New Zealand birds evolved in isolation from natural predators for around 65 million years. When human settlers arrived, changes came rapidly, and birds were poorly adapted to withstand threats to their survival. Hunting, loss of habitat and the introduction of predators all had disastrous effects on the state of our native birds, whose numbers declined rapidly. The Department of Conservation has led many initiatives to reverse this decline.
In 1953, the Wildlife Act was introduced to aid the protection and control of wild animals and birds. This was followed by the Conservation Act of 1987, which promoted the conservation of New Zealand resources. These Acts form the basis for conservation efforts in New Zealand today.
Identifying key sites for conservation
Native bush areas are identified as prime locations for the regeneration of threatened bird species. Both mainland and offshore islands are targeted. Offshore islands further than 1.5 kilometres from the coast are ideal to prevent rodents from swimming out to them. Being surrounded with predator-proof fences isolates mainland sites. These fences are made from a fine mesh wire, with underground barriers and overhangs that deliberately exclude burrowing and climbing predators.
Mammalian pests need to be eradicated from these sites. Eradication comes in two main forms – ground and aerial control. Ground control is the use of hunting, bait stations and trapping. This can be very costly, taking into account the number of man-hours it takes to reach difficult terrain. The use of aerial control (dropping bait from a helicopter) is proving much more efficient. Baits such as the poisons 1080 (sodium monofluoroacetate) and brodifacoum are used to achieve both ground and aerial predator control.
There is ongoing debate around the use of such toxins and their effect on non-target species.
Ecological restoration of native bush
Predators have had a disastrous effect on birdlife and native bush. Possums have been estimated to eat over 20,000 tonnes of vegetation throughout New Zealand in one night alone. Goats and deer damage seedlings in native bush areas.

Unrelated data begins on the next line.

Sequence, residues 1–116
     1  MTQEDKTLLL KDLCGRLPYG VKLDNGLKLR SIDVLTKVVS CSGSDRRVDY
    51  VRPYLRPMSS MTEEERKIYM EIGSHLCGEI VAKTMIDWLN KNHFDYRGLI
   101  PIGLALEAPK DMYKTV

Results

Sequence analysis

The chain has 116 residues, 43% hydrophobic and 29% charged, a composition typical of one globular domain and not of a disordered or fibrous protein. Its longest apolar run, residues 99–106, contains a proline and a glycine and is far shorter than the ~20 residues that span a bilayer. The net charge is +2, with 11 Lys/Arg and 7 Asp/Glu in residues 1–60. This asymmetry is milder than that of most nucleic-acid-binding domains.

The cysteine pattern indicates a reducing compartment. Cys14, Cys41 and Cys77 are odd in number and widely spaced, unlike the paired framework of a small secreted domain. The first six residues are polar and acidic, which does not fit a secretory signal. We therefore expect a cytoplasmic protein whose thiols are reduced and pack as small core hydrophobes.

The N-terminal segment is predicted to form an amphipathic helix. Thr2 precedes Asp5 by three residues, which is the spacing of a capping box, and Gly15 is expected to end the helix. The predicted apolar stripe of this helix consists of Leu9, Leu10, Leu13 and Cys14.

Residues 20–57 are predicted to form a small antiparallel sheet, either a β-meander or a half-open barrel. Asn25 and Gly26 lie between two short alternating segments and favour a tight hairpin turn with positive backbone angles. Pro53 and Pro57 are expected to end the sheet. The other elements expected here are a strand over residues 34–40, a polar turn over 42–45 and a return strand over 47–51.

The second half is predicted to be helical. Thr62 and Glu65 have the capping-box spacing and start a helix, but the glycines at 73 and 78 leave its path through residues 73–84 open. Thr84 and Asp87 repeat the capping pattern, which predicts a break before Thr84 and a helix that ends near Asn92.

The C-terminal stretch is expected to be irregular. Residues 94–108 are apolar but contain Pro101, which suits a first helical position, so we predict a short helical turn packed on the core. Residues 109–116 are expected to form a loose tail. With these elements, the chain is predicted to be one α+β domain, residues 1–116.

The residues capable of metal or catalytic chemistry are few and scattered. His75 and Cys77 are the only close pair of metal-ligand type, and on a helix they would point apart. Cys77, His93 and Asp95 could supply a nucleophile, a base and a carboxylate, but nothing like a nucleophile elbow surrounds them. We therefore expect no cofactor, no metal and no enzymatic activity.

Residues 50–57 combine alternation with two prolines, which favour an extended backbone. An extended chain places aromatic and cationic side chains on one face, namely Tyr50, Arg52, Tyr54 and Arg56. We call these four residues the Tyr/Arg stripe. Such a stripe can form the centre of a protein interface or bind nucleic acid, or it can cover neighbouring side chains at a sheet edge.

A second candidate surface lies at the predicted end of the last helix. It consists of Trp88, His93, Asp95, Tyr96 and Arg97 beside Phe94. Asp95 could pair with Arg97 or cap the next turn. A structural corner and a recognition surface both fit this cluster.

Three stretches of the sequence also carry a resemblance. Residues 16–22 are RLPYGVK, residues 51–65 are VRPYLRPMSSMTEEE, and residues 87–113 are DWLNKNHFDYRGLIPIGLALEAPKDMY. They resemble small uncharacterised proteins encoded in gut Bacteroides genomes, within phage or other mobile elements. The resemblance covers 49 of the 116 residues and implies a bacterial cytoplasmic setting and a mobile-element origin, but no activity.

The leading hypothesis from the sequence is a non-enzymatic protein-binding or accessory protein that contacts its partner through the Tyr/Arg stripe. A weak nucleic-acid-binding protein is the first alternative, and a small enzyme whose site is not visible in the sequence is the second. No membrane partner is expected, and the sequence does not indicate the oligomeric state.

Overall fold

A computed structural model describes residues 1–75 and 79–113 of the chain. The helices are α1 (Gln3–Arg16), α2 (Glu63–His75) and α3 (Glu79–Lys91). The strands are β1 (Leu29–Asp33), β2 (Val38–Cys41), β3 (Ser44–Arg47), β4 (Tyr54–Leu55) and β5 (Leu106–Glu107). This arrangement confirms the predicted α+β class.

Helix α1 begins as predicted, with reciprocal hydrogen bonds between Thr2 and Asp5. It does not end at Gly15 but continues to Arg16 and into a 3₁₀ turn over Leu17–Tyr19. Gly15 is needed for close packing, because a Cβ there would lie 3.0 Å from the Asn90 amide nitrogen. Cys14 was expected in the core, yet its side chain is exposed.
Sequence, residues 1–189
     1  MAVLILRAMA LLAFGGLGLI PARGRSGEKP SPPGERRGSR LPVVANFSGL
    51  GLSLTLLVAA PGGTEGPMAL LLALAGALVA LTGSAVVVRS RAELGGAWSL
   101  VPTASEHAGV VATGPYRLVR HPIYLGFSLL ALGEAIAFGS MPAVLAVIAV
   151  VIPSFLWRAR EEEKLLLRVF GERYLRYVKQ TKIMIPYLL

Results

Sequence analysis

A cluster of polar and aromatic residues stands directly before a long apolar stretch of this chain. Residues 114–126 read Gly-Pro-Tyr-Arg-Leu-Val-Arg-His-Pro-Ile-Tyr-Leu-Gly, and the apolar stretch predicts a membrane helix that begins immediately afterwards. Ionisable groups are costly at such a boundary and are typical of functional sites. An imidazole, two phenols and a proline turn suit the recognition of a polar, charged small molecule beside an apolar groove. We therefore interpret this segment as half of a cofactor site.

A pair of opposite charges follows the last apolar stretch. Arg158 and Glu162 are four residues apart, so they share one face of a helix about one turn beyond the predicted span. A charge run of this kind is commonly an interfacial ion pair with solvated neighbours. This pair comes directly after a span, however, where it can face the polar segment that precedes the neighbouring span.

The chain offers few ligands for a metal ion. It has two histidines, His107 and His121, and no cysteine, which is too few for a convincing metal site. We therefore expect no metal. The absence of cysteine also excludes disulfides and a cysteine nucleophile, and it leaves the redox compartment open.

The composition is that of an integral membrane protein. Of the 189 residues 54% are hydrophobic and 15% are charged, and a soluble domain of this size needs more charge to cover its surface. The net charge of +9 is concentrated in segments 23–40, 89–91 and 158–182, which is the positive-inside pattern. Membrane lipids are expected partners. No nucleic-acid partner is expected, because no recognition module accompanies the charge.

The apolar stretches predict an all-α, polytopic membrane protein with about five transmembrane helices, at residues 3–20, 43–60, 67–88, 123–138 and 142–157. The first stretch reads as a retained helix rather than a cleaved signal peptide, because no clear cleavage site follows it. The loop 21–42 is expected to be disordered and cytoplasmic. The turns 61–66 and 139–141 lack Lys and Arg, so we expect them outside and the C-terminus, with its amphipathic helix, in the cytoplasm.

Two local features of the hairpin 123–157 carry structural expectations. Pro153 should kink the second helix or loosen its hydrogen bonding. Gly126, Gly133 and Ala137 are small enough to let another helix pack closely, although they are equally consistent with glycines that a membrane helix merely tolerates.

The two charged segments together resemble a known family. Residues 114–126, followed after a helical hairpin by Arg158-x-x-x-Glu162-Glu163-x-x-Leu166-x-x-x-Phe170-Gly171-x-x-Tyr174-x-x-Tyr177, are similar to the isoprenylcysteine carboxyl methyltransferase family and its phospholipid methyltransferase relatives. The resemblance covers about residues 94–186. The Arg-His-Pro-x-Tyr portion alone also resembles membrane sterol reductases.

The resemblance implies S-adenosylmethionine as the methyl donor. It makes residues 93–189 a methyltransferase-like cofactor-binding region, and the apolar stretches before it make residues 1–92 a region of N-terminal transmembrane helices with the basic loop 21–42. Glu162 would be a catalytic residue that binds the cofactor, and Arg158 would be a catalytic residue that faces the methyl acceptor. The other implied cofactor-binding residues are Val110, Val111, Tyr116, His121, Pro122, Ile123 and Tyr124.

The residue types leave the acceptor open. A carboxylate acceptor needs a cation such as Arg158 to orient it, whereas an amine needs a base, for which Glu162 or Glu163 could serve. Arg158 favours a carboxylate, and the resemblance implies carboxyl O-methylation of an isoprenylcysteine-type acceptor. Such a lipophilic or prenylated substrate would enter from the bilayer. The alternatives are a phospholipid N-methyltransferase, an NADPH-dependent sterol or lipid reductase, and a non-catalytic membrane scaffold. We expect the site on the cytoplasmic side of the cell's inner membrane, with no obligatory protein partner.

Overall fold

The Department of Conservation initiates planting days to help regenerate native bush in target areas such as those sites identified for ecological sanctuaries.
Captive management and translocation of native birds
Threatened bird species have been sustained through captive management techniques. Birds are kept in a protected environment and fed a specialised diet, and breeding is carefully managed. Eggs are often brought to such sites by Department of Conservation rangers and are incubated to give the chicks the best chance of survival. Birds are tagged (banding on the legs or microchipped), and once they reach an optimum weight and clean bill of health, they are released into a sanctuary.
Translocation has emerged as a method for managing small populations of threatened species. By having several populations of a species, conservationists hope these populations will have increased genetic diversity – they don’t interbreed and exchange genetic material and therefore have a greater chance of survival.
Some birds need intensive care combining a range of conservation efforts. One such species is the critically endangered fairy tern, the rarest breeding bird in NZ. It is ranked as an endangered species and carries a 'Category A' priority for conservation action. Work by the Department of Conservation has led to an increase from just 3-4 breeding pairs in 1983 to approximately 12 pairs in 2015, with a total population of 45 birds. This required the introduction of wardens and included the fencing of nest sites, pest trapping, sandbagging of nests to protect from storms and high tides and careful monitoring. The kakapo and takahe are two other bird species classified as nationally critical that also need intensive protection.
There are many community-based groups throughout New Zealand who have a personal interest in our native species. These groups are known as citizen scientists and do their part to help conserve our biodiversity. Members may be involved in volunteer planting days to help with ecological restoration, promotion of conservation, aiding pest monitoring and control methods or planting trees in their own backyard to encourage native birds to visit.
The conservation of our native bird species is an ongoing process. Island sanctuaries must be constantly monitored to ensure there are no re-invasions of mammalian predators. While conservation requires time and many resources, if New Zealanders do nothing, many more of our threatened native species may become extinct.
Nature of science
Science can sometimes be used to inform ethical decisions by identifying possible outcomes of particular actions, but it cannot be used by itself to establish whether an action is moral or not.
Visit the Department on Conservation website for local conservation efforts in your area. There is also a section titled ‘Getting Involved’ where you can volunteer in a local project to help conserve our biodiversity.
Find out more about New Zealand’s birds and the conservation efforts undertaken by the Department of Conservation.
These remote sub-antarctic islands, Snares Islands, 105 km south-south-west of Stewart Island, are teeming with rare wildlife - including tomtits, albatross and penguins. Four Te Papa scientists spent 2 weeks on the Snares carrying out research, find out more in these videos.